This stems in part from a romanticization of small businesses as good in and of themselves. Bessen writes that the rise of chain retail stores was “devastating to small independents.” That may have been true, but so what? The goal of a market-based system is not to protect one class of business, it is to enable greater consumer and worker welfare, something the large chains did vastly better than the small independents.
Bessen also complains that these complex, expensive software systems act as barriers to entry: “The large investment required to build the top-quality product is a key obstacle to rivals, and it plays a prominent role in shaping industry structure.” But this is not new and has long been the case since the rise of mass production corporations. Once GM, Ford, and Chrysler became the “big three” there was virtually no entry until Japanese and German automotive firms entered the U.S. market in the 1970s and ’80s. It was virtually impossible for firms to enter because the knowledge and capital requirements were simply too large. Tesla was able to enter only more recently because it was based on a fundamentally different set of technologies that the incumbents had less experience in.
He also asserts that these superstar firms have been a key cause of the rise of income inequality, pointing to evidence such as the fact that superstars pay their workers more than non-superstars, including paying less skilled workers about 20 percent more than other firms. Most people would see the fact that these firms are paying less skilled workers more a good thing. Besides, the principal cause of the growth of inequality is not that some janitors or secretaries are making a bit more, but because too many like hedge fund managers and sports stars are making so much.
Bessen tries hard to force evidence to fit his unified field theory, but it sometimes doesn’t fit. Most problematic is his assertion that economic concentration (monopoly) has gone up in America. If economic concentration has not gone up, then his entire theory about software enabling superstars starts to wobble.
He cites a number of studies that rely on very broad industry categories (such as food products) rather than studies that studies examining changes in industry concentration at more fine-grained level (such as tortilla manufacturing). These studies have found that there has been virtually no increased in economic concentration between 2002 and 2017 (the latest year of available data from the government).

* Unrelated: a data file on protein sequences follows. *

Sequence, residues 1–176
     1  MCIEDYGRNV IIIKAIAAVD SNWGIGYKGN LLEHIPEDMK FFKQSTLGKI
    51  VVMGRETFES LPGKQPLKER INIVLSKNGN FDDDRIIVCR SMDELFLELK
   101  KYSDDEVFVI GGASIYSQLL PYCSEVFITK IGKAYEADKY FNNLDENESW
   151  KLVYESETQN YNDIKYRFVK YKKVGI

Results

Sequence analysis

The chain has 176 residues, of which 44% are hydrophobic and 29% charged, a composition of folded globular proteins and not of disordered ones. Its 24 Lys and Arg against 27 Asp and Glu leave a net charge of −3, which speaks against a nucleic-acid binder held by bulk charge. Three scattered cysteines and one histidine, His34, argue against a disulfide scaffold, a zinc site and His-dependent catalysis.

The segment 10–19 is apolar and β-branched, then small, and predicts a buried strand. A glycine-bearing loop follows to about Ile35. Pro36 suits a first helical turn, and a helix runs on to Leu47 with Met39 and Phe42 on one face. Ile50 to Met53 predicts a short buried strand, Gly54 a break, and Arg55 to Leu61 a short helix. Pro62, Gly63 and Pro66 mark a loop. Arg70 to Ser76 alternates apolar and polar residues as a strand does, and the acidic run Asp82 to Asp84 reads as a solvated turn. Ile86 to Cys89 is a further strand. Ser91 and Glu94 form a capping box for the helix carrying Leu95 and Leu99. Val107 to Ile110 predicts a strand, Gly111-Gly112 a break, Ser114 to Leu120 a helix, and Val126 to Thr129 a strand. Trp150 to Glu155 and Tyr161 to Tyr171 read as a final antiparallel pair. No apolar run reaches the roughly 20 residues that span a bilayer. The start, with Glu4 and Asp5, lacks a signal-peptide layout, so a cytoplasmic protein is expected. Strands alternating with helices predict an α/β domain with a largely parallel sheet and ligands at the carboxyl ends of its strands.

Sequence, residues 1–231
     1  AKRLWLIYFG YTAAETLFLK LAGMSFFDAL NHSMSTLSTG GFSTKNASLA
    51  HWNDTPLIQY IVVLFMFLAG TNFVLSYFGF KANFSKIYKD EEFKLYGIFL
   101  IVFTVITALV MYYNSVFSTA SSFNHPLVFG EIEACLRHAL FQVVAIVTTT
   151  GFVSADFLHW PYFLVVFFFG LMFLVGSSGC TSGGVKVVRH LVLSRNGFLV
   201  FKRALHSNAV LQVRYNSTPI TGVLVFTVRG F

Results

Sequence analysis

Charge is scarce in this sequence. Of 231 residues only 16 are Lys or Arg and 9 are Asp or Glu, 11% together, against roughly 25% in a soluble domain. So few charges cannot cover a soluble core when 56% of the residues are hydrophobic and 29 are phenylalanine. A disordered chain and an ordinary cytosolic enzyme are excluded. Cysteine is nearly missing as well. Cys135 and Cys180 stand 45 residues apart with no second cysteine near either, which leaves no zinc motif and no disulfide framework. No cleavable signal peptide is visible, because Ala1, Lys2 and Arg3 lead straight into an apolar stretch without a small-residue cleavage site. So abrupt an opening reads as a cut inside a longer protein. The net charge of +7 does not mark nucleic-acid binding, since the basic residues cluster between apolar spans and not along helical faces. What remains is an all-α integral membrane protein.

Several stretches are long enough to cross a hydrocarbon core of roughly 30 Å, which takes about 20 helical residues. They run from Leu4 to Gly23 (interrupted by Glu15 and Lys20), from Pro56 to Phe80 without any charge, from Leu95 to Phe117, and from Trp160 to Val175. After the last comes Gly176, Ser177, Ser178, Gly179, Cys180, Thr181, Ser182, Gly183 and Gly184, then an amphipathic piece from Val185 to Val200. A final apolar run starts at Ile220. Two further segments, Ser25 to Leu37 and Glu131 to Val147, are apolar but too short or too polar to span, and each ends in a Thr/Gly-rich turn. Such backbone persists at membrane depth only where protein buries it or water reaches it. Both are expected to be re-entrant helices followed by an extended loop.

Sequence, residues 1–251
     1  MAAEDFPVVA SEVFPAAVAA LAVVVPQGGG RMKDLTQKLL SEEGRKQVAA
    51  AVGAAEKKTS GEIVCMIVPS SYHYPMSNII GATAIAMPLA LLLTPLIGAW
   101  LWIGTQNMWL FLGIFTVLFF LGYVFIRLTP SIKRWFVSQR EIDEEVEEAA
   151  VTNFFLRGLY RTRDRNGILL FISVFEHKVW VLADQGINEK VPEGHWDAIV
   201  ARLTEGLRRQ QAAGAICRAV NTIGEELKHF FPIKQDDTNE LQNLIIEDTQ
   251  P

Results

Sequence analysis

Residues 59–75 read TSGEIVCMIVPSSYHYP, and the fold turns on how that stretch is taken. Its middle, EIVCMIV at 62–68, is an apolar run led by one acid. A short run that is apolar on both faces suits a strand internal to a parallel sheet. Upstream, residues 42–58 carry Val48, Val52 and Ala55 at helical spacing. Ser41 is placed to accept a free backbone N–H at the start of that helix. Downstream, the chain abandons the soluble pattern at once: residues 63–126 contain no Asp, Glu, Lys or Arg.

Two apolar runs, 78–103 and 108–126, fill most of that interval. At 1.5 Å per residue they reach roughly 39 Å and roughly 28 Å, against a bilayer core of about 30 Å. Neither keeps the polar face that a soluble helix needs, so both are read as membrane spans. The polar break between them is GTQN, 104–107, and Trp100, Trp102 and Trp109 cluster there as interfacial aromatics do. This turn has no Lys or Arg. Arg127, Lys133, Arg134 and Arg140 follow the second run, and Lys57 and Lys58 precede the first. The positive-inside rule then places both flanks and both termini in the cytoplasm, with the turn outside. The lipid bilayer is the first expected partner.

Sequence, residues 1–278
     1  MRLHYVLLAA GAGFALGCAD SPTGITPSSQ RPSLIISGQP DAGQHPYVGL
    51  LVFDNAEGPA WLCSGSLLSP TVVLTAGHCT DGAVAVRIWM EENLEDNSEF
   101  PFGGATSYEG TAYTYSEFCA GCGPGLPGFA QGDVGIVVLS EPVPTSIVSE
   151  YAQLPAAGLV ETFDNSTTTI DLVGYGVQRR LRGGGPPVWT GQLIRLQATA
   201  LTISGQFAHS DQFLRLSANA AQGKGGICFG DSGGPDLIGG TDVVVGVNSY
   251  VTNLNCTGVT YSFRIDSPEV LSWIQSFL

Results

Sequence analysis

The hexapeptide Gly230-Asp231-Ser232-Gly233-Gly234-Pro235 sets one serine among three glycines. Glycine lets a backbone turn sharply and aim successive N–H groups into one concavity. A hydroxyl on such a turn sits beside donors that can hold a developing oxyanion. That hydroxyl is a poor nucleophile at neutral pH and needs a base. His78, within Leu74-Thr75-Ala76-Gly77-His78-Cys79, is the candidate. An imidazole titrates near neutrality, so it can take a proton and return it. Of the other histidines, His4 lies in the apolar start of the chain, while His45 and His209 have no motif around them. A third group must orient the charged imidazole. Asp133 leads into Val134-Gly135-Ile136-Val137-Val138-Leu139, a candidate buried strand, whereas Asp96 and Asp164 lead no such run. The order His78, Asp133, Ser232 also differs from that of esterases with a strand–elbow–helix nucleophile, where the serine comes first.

Likewise, Bessen relies on a faulty and discredited study that claims to find monopoly has increased because company price markups have gone up. But this study has been roundly criticized for not accurately measuring changes in cost structure, particularly the rise of intangibles spending (e.g., spending on research and development, advertising, etc.).
According to Bessen’s theory these superstars hold back change, including reducing the number of firms that go out of business, what is called disruption. For him this “represents a fundamental change in the nature of capitalist competition.” Yet, according to the data he presents, disruption rates in the last decade were about the same as they were in the 1970s.
In Bessen’s model, firms are able to stay dominant because they are able to better prevent key technology, trade secrets, and capabilities from being shared with would-be competitors. Indeed, he asserts that the process of knowledge and technology diffusion is weaker today. That may be because unlike a machine that might be able to be reengineered, today it is easier to keep software code private. But this is not to say that companies do not know what their competitors are doing. Leading-edge companies are regularly covered in trade publications and their executives speak at industry conferences. Every major retailer, for example, knows how Walmart’s IT systems work. It’s just that it is not always easy for competitors to build similar capabilities.
In addition, while Bessen argues, rightly, that IT systems give firms a competitive advantage—for example, Walmart’s sophisticated computerized inventory system helps it cut costs and keep items in stock—the reality is that that most companies today use off-the-shelf IT systems, built on platforms, not only from large companies like Microsoft, Oracle, and SAP, but from hundreds of smaller vendors selling software packages specialized by function (e.g., HR) or industry (e.g., law). Any company can buy these technology services to build a great company. The real issue is if the company can build and execute and viable business model
When it comes to solutions, some of the book’s make sense. For example, he rightly advocates federal rules to require what are termed open APIs in sectors like banking that would require banks to make their IT systems open so that customers can easily access their own data and port it over to other firms automatically.
But he would go beyond this. He notes that “consumers would be better off if more retailers had Walmart’s logistics, inventory, and shipping capabilities so that they too, could offer greater selection, faster response to changes in demand and lower costs.” And to encourage that he would have the government weaken intellectual property laws and even force superstar companies to share their IT systems with competitors. But this would likely hurt economic growth and innovation as they would reduce the incentives for companies to invest in complicated, complex systems. Why spend all that money and change management practices if you have to share that with your competitors so you get no comparative advantage?
Unified field theories may work in physics, but they generally don’t work in economics and politics. Nonetheless, Besson’s analysis of the role of information technology in the new economy is an interesting one and worth reading.